Hi Tom! I do have some more Polish recipes to share & I hope to get working on them this Fall & Winter. My grandmother was from Poland, but spent some time in a few other countries as a refugee, so I’m sure many of her recipes that I know & love are fusions. Lol – plus my grandfather was Ukrainian – so I’m sure things might have also been altered to his tastes. So maybe not so traditional Polish – but there will be some more Polish recipes as I know & love. Oh – also check out my Hungarian Goulash recipe. This is one of my family’s favorite dinners ever. Serve it over spaetzle – it’s out of this world. Thanks for stopping by, Tom. Check back soon 🙂
I will definitely try this as I love all the ingredients but have never cooked them all together
And as good as this sounds I enjoyed the story of your Granmother more
The flavors in this are out of this world – you’ll love it!
Thank you so much, I’m glad you enjoyed the story of my grandmother. Memories of her inspire me in so many ways 🙂
What a sweet story. This recipe looks like food for the soul. I am certain I will love it. Thank you for sharing your family recipe. They are always the best. xoxo
Thanks so much Katie 🙂 My grandmother did a lot of cooking, but this was always my favorite recipe of hers.
Thank you so much for your pickled eggs and beet recipe. It is the best. I lived in Scotland Pennsylvania as a child and had them until moving to Upstate New York, back in 1966.
Might you know how to make cucumber and onion salad with vinegar and sugar? I can’t seem to get the right balance of vinegar and sugar. Could ths same dressing be used on cabbage salad?
Your site has been bookmarked, as you are one talented young lady.
Hi Bonnie! So glad to hear you enjoyed the red beet egg recipe. It’s definitely a Pennsylvania favorite and something people miss when they move out of the area. Luckily they’re so easy to make!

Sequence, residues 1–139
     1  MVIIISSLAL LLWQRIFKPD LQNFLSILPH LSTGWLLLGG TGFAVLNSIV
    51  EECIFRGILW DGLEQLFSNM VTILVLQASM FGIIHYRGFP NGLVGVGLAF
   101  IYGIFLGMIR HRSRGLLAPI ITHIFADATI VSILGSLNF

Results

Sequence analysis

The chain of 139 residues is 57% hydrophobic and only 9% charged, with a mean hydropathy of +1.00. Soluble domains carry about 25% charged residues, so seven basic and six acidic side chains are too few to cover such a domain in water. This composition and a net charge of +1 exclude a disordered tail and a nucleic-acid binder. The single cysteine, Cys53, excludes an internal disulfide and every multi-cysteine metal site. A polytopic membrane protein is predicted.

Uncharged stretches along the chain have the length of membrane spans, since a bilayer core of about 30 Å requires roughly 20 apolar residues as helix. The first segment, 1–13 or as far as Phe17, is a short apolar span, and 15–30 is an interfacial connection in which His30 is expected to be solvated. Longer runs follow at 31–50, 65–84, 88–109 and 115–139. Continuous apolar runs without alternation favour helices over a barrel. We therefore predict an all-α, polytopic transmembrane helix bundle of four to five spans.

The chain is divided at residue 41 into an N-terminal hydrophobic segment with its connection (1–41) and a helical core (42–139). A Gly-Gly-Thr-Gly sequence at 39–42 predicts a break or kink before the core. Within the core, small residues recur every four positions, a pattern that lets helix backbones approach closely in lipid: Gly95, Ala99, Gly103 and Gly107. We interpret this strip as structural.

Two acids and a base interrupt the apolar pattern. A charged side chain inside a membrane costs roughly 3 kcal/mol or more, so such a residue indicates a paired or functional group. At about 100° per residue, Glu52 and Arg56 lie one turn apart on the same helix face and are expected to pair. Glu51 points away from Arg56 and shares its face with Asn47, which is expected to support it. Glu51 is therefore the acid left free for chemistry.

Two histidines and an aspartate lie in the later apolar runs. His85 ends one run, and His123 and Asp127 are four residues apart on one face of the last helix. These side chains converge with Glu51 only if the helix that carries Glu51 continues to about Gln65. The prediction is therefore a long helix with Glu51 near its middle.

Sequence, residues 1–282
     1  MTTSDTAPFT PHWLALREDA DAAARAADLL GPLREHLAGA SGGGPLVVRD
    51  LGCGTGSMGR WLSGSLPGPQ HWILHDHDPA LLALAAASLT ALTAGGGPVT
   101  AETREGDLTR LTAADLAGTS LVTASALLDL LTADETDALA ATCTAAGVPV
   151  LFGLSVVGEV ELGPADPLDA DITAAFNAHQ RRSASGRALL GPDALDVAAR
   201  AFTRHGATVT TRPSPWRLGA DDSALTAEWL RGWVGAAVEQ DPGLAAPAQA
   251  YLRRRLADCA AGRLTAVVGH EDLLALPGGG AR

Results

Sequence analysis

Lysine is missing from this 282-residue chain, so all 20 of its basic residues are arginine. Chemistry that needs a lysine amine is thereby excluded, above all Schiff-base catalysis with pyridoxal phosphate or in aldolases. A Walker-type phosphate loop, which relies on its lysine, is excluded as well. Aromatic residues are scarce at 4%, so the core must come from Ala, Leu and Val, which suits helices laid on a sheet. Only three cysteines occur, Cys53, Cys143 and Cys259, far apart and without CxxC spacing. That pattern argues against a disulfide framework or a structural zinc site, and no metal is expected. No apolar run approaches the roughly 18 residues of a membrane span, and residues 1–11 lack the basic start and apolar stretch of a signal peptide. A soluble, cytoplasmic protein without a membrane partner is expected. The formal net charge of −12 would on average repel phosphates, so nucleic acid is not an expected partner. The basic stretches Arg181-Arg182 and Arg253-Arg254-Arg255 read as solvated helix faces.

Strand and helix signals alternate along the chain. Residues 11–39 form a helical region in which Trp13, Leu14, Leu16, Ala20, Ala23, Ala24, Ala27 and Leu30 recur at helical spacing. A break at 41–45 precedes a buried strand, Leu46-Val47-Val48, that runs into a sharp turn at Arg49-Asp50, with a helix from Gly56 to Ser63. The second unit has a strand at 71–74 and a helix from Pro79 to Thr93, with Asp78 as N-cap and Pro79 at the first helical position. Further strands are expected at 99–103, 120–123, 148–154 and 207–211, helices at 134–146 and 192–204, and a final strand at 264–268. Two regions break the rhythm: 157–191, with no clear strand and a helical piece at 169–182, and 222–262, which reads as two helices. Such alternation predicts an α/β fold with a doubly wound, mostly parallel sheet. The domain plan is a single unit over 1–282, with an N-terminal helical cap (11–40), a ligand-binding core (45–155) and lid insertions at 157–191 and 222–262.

I don’t have a recipe written down for a cucumber & onion salad – I’ll have to take measurements the next time I make it. It really is just to taste. I usually use white wine vinegar – but most local recipes call for white or apple. Not sure about cabbage salad – I haven’t ate it locally in quite some time. I love pepper cabbage but it’s grated much smaller than most slaws or salads.
Awwwww….it makes me so happy when my readers tell me they enjoy my blog! Thank you! Thanks so much for stopping by & I hope you find more recipes you like 🙂
Hi Amanda—Stumbled onto you somehow here looking for my mom’s sauerkraut recipe…I will use your GMA’s for the time being—Nice tribute to her. My mom born and raised on GPA’s farm near the 4 home town of Downey, where his cow pasture was.. Near Berlin and Freidens and Stoystown and Reels Corner, If you happen to know where a lot of us German immigrants lived, really Pa. Dutch. Names like KIMMEL—STUTZMAN—YOU GET THE IDEA….I AM 86 NOW AND TRYING TO LEARN TO COOK…I DO LIKE THE CHALLENGE…MY MOM WAS ONE OF 7 GIRLS AND THEY ALL WERE GREAT COOKS. I KNOW HOW TO MAKE PIES BEST, MOM LET ME HANG OUT WITH HER IN THE KITCH WHEN LITTLE KID AND TAUGHT ME HOW TO DO PIE CRUST WITH REAL LARD—COOKIES—CAKES—-I ALWAYS LIKE HER SAUERKRAUT AND STUFFED THICK PORK CHOPS…ENOUGH NOW….ARTHUR
I come from a Polish background. I wouldn’t t trade the memories I had growing up in upstate NY for all the money in the world. My parents are gone, the parish we attended was Polish and is now closed, but the memories can never be erased. My uncle had a small grocery/meat store. He made kielbasa for Christmas and above all, for Easter. The recipe came from my grandmother. The golupki, babka, Christmas cookies…I’m hoping you will continue to post more of your grandmother’s recipes.
Wonderful memories you have!